Analog examples of what primeval oceans might have looked in the Precambrian are probably extant in various regions
and at various size scales in present day oceans albeit they have not been sufficiently recognized and/or studied. The
Eastern Boundary Current Ecosystems (EBCEs), with their characteristic high productivity-inducing coastal upwelling
events, their extensive and intensive anoxic/hypoxic water column and methane and sulfide-rich benthic environment,
appear to represent such analogs. Moreover, recent studies have shown that they possess diverse anaerobic prokaryotic
communities of mat-forming large multi-cellular filamentous bacteria similar to fossils found in Archean and Proterozoic
rocks. Observations in the Bay of Concepcion, central Chile (~36°S), inserted in the second most productive EBCE of
the world, suggests that given similar oceanographic dynamics, past oceans may have presented different predominant
colorations after the first probable "red" color of the reduced iron-rich Archean ocean and prior to the present day
"blue" color. In this coastal ecosystem a "black" coloration has been observed to form as the result of the floating to the
surface layer of sulfide-blackened benthic detritus together with chunks of microbial mats, and a "milky to turquoise"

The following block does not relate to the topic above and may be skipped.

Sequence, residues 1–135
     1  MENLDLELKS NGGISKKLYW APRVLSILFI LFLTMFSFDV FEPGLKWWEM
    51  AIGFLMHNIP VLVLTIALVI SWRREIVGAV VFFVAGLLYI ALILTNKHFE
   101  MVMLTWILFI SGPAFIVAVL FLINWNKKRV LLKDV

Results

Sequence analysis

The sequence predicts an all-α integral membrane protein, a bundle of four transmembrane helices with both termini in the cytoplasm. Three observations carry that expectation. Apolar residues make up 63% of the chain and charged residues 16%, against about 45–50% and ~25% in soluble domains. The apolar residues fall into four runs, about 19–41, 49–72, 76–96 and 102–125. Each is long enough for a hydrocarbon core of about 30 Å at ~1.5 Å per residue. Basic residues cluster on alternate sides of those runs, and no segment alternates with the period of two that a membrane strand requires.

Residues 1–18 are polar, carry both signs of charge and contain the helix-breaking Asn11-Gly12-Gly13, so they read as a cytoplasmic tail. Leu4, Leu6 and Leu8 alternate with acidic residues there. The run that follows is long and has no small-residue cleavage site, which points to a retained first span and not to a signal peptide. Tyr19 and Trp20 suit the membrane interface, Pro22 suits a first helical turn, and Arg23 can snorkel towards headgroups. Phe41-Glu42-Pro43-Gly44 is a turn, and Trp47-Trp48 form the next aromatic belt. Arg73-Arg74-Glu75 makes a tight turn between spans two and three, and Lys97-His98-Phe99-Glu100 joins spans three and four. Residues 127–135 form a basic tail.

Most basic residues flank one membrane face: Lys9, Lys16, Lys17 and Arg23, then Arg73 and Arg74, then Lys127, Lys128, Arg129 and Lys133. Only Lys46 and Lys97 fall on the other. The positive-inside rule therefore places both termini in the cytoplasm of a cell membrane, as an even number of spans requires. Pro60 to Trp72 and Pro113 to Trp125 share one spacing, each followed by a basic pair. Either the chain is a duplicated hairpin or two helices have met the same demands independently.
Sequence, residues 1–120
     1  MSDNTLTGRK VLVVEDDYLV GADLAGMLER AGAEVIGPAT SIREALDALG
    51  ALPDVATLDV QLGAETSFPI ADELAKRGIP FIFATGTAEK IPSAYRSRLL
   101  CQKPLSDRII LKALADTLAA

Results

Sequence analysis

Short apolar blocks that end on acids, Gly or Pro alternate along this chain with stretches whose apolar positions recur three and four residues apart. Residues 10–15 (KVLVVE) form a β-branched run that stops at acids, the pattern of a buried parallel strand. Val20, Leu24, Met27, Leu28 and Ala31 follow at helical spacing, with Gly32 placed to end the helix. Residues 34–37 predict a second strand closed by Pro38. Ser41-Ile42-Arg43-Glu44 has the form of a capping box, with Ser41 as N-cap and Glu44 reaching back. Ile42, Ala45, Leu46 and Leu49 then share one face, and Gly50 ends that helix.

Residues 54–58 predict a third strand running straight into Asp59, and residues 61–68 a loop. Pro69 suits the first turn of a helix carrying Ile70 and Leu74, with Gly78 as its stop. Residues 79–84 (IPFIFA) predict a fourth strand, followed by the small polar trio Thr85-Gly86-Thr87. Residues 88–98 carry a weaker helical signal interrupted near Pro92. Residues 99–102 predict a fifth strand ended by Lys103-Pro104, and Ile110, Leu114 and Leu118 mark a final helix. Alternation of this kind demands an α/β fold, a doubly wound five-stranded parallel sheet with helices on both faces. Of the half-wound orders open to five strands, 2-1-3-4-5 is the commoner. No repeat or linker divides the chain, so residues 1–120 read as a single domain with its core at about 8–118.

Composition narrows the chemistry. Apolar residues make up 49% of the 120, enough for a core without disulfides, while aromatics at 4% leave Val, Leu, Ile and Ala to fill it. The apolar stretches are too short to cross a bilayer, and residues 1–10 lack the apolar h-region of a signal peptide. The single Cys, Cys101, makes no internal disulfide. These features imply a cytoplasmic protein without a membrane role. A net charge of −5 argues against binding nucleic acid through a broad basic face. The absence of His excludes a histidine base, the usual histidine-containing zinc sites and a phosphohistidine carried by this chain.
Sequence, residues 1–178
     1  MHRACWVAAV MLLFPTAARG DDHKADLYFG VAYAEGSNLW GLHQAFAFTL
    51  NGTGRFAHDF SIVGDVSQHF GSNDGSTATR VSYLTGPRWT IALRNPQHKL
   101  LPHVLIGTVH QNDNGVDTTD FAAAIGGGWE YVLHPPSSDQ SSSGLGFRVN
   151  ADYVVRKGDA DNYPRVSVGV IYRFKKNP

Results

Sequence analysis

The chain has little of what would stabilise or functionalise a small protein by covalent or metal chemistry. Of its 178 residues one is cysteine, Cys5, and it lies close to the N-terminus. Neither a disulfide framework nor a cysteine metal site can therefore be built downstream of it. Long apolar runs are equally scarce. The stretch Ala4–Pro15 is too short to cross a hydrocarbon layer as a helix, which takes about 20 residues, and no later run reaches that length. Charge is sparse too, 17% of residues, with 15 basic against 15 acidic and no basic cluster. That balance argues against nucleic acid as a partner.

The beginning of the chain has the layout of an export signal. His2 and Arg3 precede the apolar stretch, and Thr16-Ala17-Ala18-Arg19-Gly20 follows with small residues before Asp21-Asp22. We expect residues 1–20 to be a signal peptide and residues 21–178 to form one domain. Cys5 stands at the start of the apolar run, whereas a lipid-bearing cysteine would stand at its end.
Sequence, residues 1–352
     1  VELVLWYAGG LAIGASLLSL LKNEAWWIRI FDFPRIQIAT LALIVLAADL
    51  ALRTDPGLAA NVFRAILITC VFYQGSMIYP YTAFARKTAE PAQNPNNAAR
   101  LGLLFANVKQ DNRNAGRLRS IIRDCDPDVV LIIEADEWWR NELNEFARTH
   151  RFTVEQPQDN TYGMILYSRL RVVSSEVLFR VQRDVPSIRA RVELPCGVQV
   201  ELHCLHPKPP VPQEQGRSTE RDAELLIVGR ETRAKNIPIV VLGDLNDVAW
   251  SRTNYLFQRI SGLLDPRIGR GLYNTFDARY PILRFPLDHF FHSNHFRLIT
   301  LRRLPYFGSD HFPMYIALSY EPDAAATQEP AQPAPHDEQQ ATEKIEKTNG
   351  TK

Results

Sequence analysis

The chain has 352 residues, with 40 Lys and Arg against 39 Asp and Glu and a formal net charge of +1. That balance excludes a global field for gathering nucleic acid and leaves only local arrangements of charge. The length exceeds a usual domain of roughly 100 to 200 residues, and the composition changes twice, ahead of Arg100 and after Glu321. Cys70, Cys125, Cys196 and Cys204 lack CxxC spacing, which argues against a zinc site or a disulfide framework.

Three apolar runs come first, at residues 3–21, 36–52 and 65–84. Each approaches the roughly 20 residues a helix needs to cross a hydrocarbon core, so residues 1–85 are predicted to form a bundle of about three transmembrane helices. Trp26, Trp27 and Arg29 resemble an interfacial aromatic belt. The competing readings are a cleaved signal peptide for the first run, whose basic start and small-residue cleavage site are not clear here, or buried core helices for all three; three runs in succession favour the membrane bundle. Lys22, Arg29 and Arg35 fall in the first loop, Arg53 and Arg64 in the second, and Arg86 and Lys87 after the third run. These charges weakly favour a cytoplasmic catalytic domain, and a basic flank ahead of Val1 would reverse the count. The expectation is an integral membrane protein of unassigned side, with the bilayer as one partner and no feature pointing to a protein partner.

coloration resulting from different concentrations of colloidal, nano-sized particles which may include elemental sulfur
and/or microorganisms. If the present is the key to the past we posit that "black" color oceans could have existed during
the Proterozoic "Canfield sulfidic ocean" followed by "milky to turquoise" colored oceans during later stages of the
Proterozoic. Meso-scale examples of "milky" and "turquoise" portions of oceans, caused by elemental sulfur from
oxidized hydrogen sulfide eruptions, have been described from off Namibia and there appear to also exist elsewhere.
Examples of "black" oceans have apparently not been reported but the name of the Black Sea, the largest permanent
anoxic basin on Earth, suggests that at some point in time it may have been black, at least locally and/or for short
periods, prompting the name. We conclude suggesting that analogous to the present "Blue Planet" denomination, in the
past our Earth could possibly have deserved the successive names of "Red", "Black" and "Milky-Turquoise" Planet.